The Lost Bridge Between Mad and Wikipedia

In 1958 Paul Krassner set out to create a Mad magazine for adults. He was well-qualified for the task, being both a former Mad contributor and, in fact if not always in spirit, an adult. The result was The Realist, a journal whose great innovation was to refuse to label which articles were journalism and which were satire, and sometimes to add just enough truth to a piece of fiction that readers would be left completely befuddled as to what, if anything, they should believe. Some call it a prelude to the underground press. I call it a prelude to the Internet.

Krassner's most infamous hoax (and probably his best article) was "The Parts Left Out of the Kennedy Book," which posed as a series of outtakes from William Manchester's The Death of a President. It begins with some stories about JFK that were well-known but had not yet been reported, grows steadily less reliable, and concludes with Lyndon Baines sticking his Johnson in the president's throat wound. It's a testament to Krassner's literary skill -- or the average reader's gullibility, or LBJ's unpopularity -- that many people were fooled.

During the Nixon years, Krassner became a hard-core conspiracy theorist, and his magazine started running articles by the likes of Mae Brussel. I've often wondered how many people saw her mix of truth, fiction, and speculation and just assumed it was another Realist satire. (For a funny account of Krassner's conspiracist days, track down his essay "Memoirs of a Conspiracy Nut," published in the late, lamented Argonaut in 1994.)

Anyway, Ethan Persoff is now archiving the full run of The Realist on the Web, at a rate of four issues per month. The first batch includes the Manchester parody and Wally Wood's "Disneyland Memorial Orgy," among other famous features. And hey: Here's a letter to the editor from Karl Hess:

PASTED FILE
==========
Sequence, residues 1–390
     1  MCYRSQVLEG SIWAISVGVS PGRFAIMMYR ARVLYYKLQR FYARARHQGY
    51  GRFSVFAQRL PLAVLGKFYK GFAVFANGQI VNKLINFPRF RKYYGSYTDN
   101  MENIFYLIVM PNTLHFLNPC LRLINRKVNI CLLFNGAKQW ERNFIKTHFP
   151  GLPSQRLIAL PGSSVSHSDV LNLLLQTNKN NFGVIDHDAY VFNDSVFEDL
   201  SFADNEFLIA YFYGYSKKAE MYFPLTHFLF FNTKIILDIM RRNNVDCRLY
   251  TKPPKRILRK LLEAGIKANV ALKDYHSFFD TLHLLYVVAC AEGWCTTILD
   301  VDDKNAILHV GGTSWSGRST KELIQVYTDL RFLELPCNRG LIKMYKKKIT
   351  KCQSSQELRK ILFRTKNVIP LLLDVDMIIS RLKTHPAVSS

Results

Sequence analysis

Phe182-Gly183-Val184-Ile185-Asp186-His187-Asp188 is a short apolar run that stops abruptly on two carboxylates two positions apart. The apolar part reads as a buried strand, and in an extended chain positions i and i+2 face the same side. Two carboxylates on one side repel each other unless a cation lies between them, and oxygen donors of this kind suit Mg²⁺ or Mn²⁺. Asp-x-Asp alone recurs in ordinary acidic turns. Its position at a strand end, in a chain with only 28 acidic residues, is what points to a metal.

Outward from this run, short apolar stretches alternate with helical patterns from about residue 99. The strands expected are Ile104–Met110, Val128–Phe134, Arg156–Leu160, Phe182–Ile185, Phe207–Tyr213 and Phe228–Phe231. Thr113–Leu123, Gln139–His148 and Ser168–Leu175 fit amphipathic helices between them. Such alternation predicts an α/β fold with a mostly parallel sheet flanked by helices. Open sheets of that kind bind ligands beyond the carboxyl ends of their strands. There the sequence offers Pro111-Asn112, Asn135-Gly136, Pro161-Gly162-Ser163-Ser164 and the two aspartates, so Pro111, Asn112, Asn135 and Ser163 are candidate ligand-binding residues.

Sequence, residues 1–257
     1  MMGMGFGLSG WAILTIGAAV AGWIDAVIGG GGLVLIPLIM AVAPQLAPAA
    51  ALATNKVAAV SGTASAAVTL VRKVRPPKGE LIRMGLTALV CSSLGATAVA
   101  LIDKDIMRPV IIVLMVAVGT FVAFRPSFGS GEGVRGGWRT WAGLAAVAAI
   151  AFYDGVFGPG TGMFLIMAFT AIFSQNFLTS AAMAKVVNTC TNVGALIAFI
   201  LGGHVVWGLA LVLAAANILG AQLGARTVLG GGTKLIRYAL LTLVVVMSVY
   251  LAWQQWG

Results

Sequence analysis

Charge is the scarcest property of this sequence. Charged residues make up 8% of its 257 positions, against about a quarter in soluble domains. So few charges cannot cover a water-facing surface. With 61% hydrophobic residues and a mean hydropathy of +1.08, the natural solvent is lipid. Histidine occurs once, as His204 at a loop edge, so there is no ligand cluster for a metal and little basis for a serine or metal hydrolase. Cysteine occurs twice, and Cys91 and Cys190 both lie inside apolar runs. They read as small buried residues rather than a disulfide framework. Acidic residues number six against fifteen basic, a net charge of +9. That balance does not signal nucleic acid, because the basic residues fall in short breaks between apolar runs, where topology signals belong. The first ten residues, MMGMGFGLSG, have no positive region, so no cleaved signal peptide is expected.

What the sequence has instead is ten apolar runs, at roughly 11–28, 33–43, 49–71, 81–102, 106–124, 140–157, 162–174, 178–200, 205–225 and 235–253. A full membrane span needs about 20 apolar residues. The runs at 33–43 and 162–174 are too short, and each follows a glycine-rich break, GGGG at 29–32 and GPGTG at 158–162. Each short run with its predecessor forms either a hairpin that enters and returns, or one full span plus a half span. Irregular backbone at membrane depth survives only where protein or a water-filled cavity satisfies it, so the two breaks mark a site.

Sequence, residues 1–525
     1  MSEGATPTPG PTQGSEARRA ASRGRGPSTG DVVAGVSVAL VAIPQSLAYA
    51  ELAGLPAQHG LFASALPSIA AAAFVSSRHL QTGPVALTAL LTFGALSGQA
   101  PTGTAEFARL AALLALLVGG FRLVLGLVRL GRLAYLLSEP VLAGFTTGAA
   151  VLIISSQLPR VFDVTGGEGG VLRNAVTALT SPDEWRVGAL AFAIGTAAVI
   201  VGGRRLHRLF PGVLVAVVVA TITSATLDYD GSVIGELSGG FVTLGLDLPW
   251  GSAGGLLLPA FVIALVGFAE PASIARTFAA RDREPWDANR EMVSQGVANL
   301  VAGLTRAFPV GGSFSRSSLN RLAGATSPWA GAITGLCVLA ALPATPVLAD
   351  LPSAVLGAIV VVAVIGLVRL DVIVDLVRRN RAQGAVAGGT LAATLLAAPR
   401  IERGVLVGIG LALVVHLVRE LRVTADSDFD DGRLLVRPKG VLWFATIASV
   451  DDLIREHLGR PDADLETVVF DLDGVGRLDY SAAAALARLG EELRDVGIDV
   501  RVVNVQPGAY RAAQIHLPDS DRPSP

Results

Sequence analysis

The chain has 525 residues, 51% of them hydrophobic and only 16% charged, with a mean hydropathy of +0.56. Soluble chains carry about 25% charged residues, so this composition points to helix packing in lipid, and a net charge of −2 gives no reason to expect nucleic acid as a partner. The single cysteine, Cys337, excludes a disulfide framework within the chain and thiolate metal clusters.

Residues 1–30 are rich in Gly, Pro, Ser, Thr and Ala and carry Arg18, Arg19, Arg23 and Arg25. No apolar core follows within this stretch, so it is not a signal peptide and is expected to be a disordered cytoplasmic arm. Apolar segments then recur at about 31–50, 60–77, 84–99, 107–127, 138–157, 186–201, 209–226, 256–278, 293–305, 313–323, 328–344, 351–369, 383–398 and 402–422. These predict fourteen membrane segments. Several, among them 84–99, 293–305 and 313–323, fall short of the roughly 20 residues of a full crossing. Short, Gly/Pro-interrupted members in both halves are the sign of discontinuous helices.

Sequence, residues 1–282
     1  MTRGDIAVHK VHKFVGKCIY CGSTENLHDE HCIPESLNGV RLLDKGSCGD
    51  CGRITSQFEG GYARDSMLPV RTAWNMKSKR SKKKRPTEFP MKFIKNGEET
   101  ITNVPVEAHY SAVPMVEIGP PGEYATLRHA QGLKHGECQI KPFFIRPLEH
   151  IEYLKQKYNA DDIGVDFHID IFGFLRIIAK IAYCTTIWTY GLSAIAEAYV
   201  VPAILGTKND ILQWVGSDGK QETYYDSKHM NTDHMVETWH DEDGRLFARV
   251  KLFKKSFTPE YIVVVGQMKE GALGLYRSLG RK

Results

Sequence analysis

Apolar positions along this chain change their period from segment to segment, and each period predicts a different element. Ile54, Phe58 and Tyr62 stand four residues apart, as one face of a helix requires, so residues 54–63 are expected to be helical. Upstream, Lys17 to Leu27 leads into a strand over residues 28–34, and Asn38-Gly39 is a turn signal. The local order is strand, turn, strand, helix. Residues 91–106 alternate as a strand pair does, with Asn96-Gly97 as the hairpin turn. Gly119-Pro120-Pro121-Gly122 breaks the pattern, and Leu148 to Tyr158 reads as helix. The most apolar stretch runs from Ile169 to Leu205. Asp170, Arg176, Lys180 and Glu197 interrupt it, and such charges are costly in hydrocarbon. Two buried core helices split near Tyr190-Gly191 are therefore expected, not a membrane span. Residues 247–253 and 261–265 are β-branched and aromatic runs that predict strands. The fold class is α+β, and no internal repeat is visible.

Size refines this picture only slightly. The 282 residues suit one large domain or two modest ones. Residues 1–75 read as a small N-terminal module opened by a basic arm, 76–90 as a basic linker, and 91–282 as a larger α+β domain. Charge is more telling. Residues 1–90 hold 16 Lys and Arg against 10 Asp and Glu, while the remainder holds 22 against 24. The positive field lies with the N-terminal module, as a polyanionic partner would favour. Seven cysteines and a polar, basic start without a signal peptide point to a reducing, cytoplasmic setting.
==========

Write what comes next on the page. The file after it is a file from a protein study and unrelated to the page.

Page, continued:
I occupy a political position which, I am sure, would be anathema to you, i.e., conservative. But I nevertheless find your publication lively, legitimate and interesting. Also I am curious as to why you have never realized that the conservative (particularly the Goldwater-style) position is basically libertarian, anti-establishment and thus closer to yours than, for instance, that of the institutional socialist.

Maybe the letter had an impact. A decade or so later Krassner would be contributing to Cato's Inquiry magazine and speaking to at least one Libertarian Party convention.

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  • ||

    In 1958 Paul Krassner set out to create a Mad magazine for adults.

    Pretty much describes National Lampoon from the 70's and 80's

  • dhex||

    wooo

    http://www.ep.tc/realist/41/05.html

  • highnumber||

    Cool stuff. Thanks, Jesse.

  • poco||

    Awesome. I love Paul Krassner. He was listed in the phone book back in the 90s when he lived in Venice Beach; I wish I'd met him. Check out his hilarious memoir, Confessions of a Raving Unconfined Nut.

    On the Antiques Roadshow a while ago, some old geezer got a fairly high estimate (I forget how much) for his extensive collection of Realist back issues.

  • crap-action-jackson||

    I'm pretty sure that story about Johnson's Johnson in Kennedy's neck wound is true.

  • ||

    Now that old issues of the Realist will be online, I wonder how long it will be before conspiracists start using it as a reference source.